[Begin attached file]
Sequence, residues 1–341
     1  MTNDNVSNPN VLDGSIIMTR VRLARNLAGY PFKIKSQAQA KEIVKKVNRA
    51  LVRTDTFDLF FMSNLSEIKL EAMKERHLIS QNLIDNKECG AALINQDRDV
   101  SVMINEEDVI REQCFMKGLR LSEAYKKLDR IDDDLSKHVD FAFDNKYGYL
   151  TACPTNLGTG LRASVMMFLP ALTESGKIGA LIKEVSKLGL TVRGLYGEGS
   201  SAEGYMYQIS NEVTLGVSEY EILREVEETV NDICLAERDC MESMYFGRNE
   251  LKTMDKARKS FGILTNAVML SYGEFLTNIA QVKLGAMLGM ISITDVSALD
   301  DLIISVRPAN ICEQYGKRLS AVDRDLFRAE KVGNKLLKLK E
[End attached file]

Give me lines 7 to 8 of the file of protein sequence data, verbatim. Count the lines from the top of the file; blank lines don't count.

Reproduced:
   251  LKTMDKARKS FGILTNAVML SYGEFLTNIA QVKLGAMLGM ISITDVSALD
   301  DLIISVRPAN ICEQYGKRLS AVDRDLFRAE KVGNKLLKLK E